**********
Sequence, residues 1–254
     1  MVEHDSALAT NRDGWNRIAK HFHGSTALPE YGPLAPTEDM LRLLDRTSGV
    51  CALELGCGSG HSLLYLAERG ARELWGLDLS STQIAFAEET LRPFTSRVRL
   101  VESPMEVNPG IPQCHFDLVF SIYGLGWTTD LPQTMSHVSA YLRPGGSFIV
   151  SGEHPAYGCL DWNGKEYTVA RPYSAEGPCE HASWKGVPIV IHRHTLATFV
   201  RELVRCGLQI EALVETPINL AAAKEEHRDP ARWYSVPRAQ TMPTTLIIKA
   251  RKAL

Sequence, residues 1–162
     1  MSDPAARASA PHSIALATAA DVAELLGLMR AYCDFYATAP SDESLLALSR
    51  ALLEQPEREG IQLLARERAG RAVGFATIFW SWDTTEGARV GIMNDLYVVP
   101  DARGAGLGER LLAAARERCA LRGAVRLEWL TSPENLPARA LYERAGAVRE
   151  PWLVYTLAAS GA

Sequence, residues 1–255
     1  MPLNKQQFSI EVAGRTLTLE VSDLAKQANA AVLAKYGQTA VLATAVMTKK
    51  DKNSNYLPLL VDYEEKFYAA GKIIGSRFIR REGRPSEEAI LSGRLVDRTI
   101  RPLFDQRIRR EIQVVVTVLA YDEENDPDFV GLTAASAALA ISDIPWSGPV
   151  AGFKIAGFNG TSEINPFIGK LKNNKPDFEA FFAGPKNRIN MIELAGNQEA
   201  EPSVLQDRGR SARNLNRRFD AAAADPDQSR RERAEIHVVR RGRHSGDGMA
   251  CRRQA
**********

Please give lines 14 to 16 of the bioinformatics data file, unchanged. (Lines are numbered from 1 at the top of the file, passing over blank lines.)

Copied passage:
     1  MPLNKQQFSI EVAGRTLTLE VSDLAKQANA AVLAKYGQTA VLATAVMTKK
    51  DKNSNYLPLL VDYEEKFYAA GKIIGSRFIR REGRPSEEAI LSGRLVDRTI
   101  RPLFDQRIRR EIQVVVTVLA YDEENDPDFV GLTAASAALA ISDIPWSGPV